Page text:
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Firm rakes in €370k profit a week from driver tolls on M3

The operators of one of the most controversial road schemes in the country generated more than €370,000 per week in operating profits from the route last year, despite suffering a significant slump in revenue overall.

The M3 motorway generated €19.25m in operating profits for Eurolink Motorway Operation (M3) Ltd in 2013, down from €30.2m the previous year, newly filed company records show.

In total, the firm recorded €29.5m or €80,843 per day in revenues in 2013, a major drop on the €39.88m recorded in revenues in 2012.

Daily traffic volumes increased by 2.35pc on the route last year to 23,000 vehicles - the firm's revenues are made up of road tolls and operational payments from the National Roads Authority (NRA).

The road tolls are generated by a €1.40 charge to motorists at each of the two toll plazas on the route.

The payments from the NRA include traffic guarantee payments that are paid if sufficient volumes of motorists don't use the tolled route.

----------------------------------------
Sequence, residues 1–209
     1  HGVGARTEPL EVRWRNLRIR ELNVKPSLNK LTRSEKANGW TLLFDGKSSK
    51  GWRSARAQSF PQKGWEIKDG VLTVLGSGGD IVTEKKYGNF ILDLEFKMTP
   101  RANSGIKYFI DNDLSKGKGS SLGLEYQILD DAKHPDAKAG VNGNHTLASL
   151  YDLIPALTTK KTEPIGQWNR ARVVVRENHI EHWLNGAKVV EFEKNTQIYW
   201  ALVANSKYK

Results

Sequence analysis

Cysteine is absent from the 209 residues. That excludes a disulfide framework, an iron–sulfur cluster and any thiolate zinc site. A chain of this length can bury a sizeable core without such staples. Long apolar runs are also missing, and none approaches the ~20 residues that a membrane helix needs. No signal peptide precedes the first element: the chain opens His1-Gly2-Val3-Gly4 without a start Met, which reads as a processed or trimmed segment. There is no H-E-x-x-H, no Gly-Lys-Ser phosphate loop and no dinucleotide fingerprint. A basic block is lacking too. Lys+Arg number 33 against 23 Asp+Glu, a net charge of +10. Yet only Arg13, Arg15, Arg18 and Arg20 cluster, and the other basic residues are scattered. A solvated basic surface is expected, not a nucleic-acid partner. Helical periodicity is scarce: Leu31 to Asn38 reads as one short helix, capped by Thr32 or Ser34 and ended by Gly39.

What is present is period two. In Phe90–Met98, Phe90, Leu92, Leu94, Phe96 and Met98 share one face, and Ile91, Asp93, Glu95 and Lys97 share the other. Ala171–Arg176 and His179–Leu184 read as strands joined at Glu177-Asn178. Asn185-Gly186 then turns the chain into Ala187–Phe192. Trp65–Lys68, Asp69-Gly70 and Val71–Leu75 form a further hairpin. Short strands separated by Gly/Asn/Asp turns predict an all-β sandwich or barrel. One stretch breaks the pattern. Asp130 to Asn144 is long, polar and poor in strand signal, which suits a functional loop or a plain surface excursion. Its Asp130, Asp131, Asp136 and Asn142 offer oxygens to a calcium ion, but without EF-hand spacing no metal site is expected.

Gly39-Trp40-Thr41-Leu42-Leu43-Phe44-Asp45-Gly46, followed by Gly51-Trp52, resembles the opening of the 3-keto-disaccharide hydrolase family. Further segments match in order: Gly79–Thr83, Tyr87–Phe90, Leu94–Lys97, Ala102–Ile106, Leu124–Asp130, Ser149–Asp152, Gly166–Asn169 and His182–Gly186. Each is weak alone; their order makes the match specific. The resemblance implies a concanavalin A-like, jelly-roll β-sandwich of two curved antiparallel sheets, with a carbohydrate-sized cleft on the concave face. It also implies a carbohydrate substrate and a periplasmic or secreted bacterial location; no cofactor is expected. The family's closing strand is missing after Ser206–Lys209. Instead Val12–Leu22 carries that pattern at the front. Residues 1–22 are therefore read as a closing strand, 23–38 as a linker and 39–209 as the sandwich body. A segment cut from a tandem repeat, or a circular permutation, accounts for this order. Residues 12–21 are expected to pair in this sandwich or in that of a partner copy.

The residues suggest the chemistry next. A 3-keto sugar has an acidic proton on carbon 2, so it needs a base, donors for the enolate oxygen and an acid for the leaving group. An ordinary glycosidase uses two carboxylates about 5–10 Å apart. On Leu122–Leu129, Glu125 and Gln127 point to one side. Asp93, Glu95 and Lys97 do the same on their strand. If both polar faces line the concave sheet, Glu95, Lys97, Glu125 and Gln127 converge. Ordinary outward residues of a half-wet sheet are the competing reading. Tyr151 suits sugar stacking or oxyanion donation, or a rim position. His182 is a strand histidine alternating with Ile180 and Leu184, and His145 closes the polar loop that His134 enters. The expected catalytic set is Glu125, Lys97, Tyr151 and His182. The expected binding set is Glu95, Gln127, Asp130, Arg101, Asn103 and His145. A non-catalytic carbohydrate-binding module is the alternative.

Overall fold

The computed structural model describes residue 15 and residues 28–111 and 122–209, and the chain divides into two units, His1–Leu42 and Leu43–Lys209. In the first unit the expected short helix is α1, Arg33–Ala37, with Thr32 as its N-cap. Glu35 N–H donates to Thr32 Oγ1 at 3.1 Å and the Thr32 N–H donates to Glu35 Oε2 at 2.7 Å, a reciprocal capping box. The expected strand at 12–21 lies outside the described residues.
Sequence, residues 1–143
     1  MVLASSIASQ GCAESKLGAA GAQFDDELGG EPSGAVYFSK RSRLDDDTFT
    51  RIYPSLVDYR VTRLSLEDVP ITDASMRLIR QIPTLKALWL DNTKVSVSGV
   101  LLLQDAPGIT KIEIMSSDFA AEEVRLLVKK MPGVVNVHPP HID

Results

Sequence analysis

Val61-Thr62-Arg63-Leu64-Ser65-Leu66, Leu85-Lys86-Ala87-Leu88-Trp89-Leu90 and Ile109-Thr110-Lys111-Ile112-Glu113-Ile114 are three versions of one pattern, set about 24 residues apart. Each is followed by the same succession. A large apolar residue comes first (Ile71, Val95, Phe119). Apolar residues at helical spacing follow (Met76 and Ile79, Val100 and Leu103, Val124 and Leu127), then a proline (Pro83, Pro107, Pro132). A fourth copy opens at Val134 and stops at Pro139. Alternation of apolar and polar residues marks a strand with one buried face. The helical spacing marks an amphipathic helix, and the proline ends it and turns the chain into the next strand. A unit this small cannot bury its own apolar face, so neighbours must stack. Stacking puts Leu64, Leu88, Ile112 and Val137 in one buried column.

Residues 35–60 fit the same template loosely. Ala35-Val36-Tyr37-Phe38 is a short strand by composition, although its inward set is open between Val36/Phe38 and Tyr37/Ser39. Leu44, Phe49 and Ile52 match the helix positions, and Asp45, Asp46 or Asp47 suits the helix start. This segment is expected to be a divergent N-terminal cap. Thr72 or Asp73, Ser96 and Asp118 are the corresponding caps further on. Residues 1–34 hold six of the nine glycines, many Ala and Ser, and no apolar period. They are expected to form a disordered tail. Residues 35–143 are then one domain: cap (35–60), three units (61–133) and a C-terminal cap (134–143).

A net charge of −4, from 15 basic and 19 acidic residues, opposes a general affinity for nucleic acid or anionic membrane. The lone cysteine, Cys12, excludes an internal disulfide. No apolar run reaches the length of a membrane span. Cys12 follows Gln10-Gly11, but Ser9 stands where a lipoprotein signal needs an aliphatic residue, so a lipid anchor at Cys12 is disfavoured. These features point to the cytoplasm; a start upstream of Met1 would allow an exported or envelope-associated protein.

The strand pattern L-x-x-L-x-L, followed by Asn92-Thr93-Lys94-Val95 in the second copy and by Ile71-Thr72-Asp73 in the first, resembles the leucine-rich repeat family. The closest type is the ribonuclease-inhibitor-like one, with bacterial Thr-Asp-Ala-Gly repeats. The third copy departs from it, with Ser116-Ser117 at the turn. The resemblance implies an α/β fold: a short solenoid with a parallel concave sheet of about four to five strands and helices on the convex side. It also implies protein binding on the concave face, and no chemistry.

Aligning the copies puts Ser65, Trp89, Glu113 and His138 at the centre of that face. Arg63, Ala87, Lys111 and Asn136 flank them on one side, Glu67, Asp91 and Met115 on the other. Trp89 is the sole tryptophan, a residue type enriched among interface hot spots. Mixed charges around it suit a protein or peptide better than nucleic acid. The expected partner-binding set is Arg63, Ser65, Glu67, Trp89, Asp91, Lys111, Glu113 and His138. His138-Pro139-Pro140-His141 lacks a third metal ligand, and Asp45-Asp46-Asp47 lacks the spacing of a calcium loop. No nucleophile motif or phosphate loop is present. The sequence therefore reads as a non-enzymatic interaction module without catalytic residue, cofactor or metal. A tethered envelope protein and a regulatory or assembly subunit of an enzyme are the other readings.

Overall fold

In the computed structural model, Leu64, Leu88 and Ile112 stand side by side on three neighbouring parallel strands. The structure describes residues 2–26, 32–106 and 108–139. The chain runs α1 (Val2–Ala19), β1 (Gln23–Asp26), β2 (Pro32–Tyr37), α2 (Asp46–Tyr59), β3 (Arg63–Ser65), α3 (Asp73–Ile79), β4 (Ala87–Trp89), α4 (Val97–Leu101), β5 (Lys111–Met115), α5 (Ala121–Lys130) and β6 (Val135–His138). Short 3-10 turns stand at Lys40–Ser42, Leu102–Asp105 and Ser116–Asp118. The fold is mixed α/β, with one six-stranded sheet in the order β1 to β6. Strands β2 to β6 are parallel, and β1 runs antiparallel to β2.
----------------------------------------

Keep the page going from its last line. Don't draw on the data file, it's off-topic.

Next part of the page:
The guarantee was put in place due to the high cost of the route and due to it being a challenging project to deliver.


A recent Department of Transport memo confirmed that just under €3m was paid in traffic guarantee payments to the M3 firm last year.

The 51km motorway that runs from Clonee to north of Kells was built at a cost of almost €1bn.

The scheme was the largest infrastructure scheme delivered through a Public Private Partnership (PPP) at the time.

The M3's construction caused controversy and was targeted by protesters as it runs near the ancient Hill of Tara archaeological site.

Eurolink Motorway Operation (M3) Ltd is jointly owned by Irish firm Siac Construction and a subsidiary of the Spanish company Ferrovial.

The company last year approved a dividend of €2m to the firm's shareholders and this followed a dividend pay-out of €7m in 2012.

The figures show that the firm's pre-tax profits more than halved from €17.6m to €8.27m.

The significant difference between operating and pre-tax profits arose from the firm paying €11.1m in bank interest payments to finance the loans used to construct the route.